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Evanston aldermen approve assault weapons ban as state deadline nears

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Evanston Mayor Elizabeth Tisdahl listens to residents debate a proposed ban on assault weapons at Monday's City Council meeting. Aldermen unanimously voted for the ban, which went immediately went into effect.

Evanston Mayor Elizabeth Tisdahl listens to residents debate a proposed ban on assault weapons at Monday's City Council meeting. Aldermen unanimously voted for the ban, which went immediately went into effect.

Cat Zakrzewski/Daily Senior Staffer

Cat Zakrzewski/Daily Senior Staffer

Evanston Mayor Elizabeth Tisdahl listens to residents debate a proposed ban on assault weapons at Monday's City Council meeting. Aldermen unanimously voted for the ban, which went immediately went into effect.

Ciara McCarthy, Summer Reporter

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Evanston aldermen unanimously approved an assault weapons ban Monday night, just six days after Illinois enacted the last concealed-carry law in the country.

Although the state legislation contains significant restrictions on local communities’ ability to regulate guns, it does allow cities to criminalize assault weapons, as long as any ban is passed by Wednesday. Evanston passed its ordinance with three days to spare before the state deadline.

(Proposed Evanston weapons ban hangs in balance amid concealed-carry debate)

The new ordinance amends city code to criminalize the possession, transfer, sale or display of assault weapons, with exceptions for military personnel and law enforcement. The legislation approved by the council permits federally licensed firearms collectors to own assault weapons, a significant change from the original draft. The draft was also revised to exclude hunting rifles from being classified as assault weapons. Last week, Ald. Don Wilson (4th) moved to postpone the council’s vote so amendments could be made.

While the city’s legislators were in agreement, its residents were not. Monday night’s meeting marked the third consecutive one in which people on both sides of the debate gave emotional and fiery arguments for and against the ban.

Gun control activist Carolyn Murray, whose 19-year-old son Justin was fatally shot last fall, has appeared repeatedly before the council in support of the ban. On Monday night, she wore a black hooded sweatshirt to protest George Zimmerman’s acquittal in the the murder of 17-year-old Trayvon Martin.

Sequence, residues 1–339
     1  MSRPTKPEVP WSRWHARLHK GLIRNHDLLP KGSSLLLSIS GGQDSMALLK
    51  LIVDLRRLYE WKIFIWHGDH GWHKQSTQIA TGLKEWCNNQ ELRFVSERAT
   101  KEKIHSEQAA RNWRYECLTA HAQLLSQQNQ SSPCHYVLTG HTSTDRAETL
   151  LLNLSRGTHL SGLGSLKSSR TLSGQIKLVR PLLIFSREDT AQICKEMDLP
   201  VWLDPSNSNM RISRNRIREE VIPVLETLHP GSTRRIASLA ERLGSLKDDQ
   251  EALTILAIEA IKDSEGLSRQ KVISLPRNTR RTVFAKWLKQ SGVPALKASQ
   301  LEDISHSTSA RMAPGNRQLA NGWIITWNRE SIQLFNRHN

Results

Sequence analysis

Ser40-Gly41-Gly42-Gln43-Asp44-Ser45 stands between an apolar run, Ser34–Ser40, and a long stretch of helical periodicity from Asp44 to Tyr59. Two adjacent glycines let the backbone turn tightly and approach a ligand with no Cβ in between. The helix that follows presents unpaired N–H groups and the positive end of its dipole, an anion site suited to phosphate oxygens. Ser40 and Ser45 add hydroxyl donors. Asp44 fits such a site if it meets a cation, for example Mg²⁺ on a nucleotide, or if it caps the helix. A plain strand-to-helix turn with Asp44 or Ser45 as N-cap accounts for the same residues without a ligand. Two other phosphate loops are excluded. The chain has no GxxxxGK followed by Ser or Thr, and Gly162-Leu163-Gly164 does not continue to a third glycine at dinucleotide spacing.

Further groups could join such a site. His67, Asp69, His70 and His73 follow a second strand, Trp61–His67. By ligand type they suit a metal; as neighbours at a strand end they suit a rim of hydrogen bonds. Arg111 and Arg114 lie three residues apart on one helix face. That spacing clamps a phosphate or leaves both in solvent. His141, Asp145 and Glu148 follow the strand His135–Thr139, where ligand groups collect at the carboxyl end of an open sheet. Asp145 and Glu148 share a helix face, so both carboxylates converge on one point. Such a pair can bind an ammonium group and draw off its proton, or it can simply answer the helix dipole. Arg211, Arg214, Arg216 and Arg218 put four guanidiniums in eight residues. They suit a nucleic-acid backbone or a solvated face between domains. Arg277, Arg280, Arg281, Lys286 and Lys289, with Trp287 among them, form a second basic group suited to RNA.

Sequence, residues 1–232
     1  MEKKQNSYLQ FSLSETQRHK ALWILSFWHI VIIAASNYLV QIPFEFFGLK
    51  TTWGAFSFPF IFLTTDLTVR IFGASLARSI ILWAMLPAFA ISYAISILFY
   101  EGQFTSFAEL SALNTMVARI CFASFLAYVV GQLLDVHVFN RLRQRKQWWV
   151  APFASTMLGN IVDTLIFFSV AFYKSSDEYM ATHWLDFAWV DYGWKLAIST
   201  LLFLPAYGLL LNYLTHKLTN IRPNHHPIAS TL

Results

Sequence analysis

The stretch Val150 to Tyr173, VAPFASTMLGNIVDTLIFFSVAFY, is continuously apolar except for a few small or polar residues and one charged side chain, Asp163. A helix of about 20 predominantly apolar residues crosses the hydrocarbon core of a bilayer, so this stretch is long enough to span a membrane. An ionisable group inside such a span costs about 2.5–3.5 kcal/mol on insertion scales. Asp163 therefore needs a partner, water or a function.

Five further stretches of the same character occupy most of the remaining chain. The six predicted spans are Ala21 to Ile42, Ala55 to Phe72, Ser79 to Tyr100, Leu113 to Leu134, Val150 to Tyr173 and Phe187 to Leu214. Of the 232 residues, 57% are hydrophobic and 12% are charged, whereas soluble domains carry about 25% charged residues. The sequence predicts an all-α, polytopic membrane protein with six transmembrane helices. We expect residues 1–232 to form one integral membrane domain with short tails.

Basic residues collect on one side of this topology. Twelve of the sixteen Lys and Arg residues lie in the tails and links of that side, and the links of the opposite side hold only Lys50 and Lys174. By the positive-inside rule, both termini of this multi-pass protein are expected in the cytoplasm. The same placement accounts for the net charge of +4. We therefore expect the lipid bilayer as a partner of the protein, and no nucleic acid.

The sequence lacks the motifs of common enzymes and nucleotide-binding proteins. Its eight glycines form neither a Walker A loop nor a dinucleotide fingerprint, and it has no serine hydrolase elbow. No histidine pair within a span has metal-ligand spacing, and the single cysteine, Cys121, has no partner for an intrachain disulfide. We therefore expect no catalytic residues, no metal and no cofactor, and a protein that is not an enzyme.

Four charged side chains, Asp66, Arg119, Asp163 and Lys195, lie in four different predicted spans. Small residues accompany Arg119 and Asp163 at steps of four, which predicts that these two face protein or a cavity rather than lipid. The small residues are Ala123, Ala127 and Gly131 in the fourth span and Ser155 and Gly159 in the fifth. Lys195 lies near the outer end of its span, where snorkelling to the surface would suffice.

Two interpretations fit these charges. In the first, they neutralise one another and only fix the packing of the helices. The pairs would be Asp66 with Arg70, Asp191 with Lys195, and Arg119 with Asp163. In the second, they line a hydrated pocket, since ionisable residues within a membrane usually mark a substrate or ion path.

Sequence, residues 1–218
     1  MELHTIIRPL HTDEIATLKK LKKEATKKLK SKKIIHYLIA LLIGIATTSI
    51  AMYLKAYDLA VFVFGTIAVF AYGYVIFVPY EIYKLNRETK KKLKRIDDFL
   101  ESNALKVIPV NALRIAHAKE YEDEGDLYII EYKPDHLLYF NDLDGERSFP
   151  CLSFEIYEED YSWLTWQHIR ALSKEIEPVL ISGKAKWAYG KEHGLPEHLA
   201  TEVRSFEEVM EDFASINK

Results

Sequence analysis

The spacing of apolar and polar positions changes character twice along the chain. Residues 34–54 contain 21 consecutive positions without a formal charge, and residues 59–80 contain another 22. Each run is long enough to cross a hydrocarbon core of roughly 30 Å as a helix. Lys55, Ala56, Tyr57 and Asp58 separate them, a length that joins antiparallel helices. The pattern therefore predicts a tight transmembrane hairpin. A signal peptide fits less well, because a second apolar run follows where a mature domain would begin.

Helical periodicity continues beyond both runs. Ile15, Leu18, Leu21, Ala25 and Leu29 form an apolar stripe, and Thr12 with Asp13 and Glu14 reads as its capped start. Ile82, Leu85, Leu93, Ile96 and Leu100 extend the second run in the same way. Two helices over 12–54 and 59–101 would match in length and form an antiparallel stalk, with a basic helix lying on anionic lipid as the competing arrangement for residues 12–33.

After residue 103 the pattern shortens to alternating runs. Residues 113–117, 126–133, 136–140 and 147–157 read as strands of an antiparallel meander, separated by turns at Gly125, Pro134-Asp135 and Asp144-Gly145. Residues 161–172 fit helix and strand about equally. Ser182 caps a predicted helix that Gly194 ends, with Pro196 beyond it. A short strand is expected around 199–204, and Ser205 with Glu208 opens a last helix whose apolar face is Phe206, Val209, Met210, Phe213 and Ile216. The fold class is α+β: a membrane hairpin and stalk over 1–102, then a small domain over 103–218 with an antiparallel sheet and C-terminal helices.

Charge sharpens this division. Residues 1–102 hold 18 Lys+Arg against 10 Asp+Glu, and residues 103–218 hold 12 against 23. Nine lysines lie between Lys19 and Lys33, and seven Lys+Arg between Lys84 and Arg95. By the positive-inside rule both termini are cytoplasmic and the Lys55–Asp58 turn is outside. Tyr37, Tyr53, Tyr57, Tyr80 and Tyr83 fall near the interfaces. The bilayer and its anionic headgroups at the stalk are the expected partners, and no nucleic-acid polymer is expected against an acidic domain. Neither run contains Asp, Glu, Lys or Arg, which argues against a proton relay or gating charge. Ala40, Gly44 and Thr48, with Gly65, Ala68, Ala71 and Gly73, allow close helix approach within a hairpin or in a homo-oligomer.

“No mother should have to bury their child due to any type of gun violence,” Murray said, tying the circumstances that led to Martin’s death to Evanston’s own turmoil on the streets.

Shortly after Murray spoke, about 20 teens, all wearing hooded sweatshirts, approached the podium to echo Murray’s message and encourage the council to approve the ban. “I am Trayvon Martin,” each repeated after the other.

Mike Weisman, a vice president of the Illinois State Rifle Association, disagreed that the ban could reduce gun violence in Evanston. Evanston Police Cmdr. Jay Parrott has said an assault weapon has not been involved in any major crimes in the city in recent memory.

“This so-called assault weapons ban does nothing to do anything about crime or do anything about the other problems facing the youth in Evanston,” Weisman said.

This is the first significant amendment to the city’s firearm code since 2008, when aldermen overturned Evanston’s handgun ban because of a lawsuit from the National Rifle Association.

Weisman said he was not sure the latest ban would “stand up” in court. When the council introduced the legislation last month, at least one resident threatened to sue the city for violating the legal rights of citizens.

Summer reporter Ciara McCarthy can be reached at ciaramccarthy2015@u.northwestern.edu. Follow her on Twitter at http://www.twitter.com/mccarthy_ciara.

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About the Writer
Ciara McCarthy, In Focus Editor

Ciara is a Weinberg senior majoring in American Studies. Her past positions at The Daily include editor in chief, managing editor, city editor and reporter. The Bethesda, Maryland native is also a Brady Scholar in Ethics and Civic Life. She previously interned for Slate and The Marshall Project. You can reach Ciara via Twitter or email.